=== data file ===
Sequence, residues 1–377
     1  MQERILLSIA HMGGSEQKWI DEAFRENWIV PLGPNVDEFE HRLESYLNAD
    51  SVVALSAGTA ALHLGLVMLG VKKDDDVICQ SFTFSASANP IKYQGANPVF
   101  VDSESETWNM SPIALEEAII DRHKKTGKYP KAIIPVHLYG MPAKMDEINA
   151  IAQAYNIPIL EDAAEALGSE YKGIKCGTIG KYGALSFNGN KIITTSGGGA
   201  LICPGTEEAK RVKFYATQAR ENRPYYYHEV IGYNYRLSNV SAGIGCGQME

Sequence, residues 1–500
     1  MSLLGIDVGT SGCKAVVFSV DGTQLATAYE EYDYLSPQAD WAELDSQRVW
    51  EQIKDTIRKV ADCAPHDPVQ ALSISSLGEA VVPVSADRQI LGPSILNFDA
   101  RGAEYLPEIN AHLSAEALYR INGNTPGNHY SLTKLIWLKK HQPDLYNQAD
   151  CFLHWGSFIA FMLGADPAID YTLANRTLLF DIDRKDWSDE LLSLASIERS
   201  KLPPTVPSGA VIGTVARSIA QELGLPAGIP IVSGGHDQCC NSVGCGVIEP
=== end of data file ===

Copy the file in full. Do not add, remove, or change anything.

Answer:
Sequence, residues 1–377
     1  MQERILLSIA HMGGSEQKWI DEAFRENWIV PLGPNVDEFE HRLESYLNAD
    51  SVVALSAGTA ALHLGLVMLG VKKDDDVICQ SFTFSASANP IKYQGANPVF
   101  VDSESETWNM SPIALEEAII DRHKKTGKYP KAIIPVHLYG MPAKMDEINA
   151  IAQAYNIPIL EDAAEALGSE YKGIKCGTIG KYGALSFNGN KIITTSGGGA
   201  LICPGTEEAK RVKFYATQAR ENRPYYYHEV IGYNYRLSNV SAGIGCGQME

Sequence, residues 1–500
     1  MSLLGIDVGT SGCKAVVFSV DGTQLATAYE EYDYLSPQAD WAELDSQRVW
    51  EQIKDTIRKV ADCAPHDPVQ ALSISSLGEA VVPVSADRQI LGPSILNFDA
   101  RGAEYLPEIN AHLSAEALYR INGNTPGNHY SLTKLIWLKK HQPDLYNQAD
   151  CFLHWGSFIA FMLGADPAID YTLANRTLLF DIDRKDWSDE LLSLASIERS
   201  KLPPTVPSGA VIGTVARSIA QELGLPAGIP IVSGGHDQCC NSVGCGVIEP